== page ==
Wooltrade market operations manager Tony Benson said 458 bales were sold from all microns, but the medium to broad Merino wools and crossbreds has been performing consistently above expectations for some time.
Crossbred fleece is about as expensive as it has ever been, he said.
Mr Benson said Sydney’s AWEX Superfine sale last week did not reflect onto Wooltrade. However regular readers have seen consistent sales over the last few months.
Top price of 1336c/kg clean for 16.4u line
Wooltrade’s top price for the week of 1336c/kg clean for a three-bale 16.4 micron line was no surprise, he said. The line was offered by Roberts Ltd Tasmania and branded EJC IN DIA/ROSS. It measured 43 Newtons/kilotex in tensile strength with a staple length of 92mm, 74.1 percent yield and 1.1pc vegetable matter content.
“Just nine lots or 34 bales were sold this week for wool under 16.5 microns through Wooltrade,” he said.
“The 17-19 micron Merino fleece wool was on the nose this week and our prices were barely in line with the micron price guides (MPGs), but broader than that and we start seeing premiums.”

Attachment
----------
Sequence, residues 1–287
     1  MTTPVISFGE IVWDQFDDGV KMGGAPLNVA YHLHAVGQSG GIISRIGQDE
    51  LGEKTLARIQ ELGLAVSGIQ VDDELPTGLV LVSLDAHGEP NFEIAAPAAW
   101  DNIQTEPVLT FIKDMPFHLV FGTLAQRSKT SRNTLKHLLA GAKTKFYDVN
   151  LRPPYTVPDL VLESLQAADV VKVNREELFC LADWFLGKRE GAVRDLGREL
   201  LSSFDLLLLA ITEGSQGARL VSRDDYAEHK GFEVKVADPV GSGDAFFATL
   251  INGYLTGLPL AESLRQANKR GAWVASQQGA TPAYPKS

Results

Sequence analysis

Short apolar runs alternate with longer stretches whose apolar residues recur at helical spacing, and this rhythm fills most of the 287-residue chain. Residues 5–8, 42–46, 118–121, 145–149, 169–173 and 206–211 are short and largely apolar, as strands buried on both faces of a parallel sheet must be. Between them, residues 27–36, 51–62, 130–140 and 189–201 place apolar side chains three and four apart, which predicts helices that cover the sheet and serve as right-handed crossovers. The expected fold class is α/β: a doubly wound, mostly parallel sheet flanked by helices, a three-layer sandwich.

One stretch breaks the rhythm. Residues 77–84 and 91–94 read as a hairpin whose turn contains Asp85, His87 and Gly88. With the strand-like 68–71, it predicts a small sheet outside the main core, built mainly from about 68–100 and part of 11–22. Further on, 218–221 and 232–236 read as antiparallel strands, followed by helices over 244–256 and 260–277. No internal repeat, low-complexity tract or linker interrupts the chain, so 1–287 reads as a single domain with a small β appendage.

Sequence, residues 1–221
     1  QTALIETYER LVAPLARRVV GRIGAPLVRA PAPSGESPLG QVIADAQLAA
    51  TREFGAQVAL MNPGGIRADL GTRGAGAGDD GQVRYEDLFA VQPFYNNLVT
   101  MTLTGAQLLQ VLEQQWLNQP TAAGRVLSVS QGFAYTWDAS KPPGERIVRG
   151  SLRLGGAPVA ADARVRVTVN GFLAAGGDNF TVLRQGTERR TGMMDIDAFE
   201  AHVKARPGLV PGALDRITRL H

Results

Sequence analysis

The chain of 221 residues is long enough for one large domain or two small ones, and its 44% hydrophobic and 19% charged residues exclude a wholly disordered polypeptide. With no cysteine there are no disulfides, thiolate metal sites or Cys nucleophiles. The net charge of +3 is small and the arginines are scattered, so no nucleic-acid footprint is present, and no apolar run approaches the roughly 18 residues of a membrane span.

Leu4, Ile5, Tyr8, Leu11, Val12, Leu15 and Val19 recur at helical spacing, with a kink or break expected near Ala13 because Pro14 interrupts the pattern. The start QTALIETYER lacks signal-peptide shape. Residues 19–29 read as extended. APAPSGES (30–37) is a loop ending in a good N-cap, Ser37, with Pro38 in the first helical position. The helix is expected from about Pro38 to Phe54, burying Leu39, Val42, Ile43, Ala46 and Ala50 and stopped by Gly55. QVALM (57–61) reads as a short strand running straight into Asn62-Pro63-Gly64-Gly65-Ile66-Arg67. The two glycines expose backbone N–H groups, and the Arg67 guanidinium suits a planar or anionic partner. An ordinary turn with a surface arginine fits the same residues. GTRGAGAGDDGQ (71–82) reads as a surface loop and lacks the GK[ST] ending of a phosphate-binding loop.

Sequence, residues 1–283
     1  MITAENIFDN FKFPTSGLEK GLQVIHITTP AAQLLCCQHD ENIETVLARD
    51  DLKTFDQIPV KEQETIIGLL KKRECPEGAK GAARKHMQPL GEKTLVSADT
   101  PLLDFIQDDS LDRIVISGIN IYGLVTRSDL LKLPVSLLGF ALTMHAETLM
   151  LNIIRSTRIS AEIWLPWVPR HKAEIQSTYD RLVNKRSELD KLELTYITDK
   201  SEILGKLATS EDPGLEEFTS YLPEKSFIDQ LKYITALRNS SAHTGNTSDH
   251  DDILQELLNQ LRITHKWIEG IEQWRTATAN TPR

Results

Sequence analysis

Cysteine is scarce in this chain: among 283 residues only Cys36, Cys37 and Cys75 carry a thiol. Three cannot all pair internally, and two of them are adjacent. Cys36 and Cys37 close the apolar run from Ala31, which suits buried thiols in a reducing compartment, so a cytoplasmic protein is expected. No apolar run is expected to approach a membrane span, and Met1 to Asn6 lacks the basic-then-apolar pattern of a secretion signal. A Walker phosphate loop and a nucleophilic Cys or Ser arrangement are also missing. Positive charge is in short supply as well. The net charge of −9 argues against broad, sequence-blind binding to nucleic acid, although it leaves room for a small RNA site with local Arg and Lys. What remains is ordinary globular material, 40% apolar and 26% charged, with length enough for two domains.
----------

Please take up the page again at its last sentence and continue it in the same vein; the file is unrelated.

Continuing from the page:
The 17 micron fleece topped at 1241c/kg clean, the 18 micron wool made up to 1207c/kg clean and the 19 micron fleece sold for up to 1219 cents, 10 cents above the guide. The 20 micron fleece sold for 1195 cents, up 20 cents on the MPG, while the 21 micron offering made up to 1154 cents, slightly behind the indicator.
Crossbred and cardings a few cents higher
Cardings and crossbreds are consistent stars on both the AuctionsPlus Online wool auction and Wooltrade, and most categories were a few cents higher last week, Mr Benson said.
On Wooltrade last week, a five-bale 24.5 micron line with a yield of 76.4pc and 1.1pc vm sold for 944c/kg clean; a six-bale line of 25.5 micron fleece that yielded 72pc, with 3.8pc vm, 102mm staple length and 39 Newtons/kilotex made 865c/kg clean and a 12-bale 27 mincron line with 0.1pc vm and a yield of 75.7pc sold for 754c/kg clean.
Physical market trend last week was positive
Mr Benson said it was a positive physical market for wool last week with some encouraging signs for prices.
“The AWEX EMI popped up seven cents to 1056 cents after a slow start and the trend continues for the best style and specification wool continuing to outperform average wool for price and buyer attention.
“Wool offerings in auction are sitting at 50,000 bales or more for a couple of weeks and it’s a good sign of a market with some fervour as prices improve, but our poorly performing Australian dollar is surely assisting the buoyant nature of wool prices.”
Mr Benson said Christmas is just around the corner and the Wooltrade offer-board will operate throughout the physical market recess.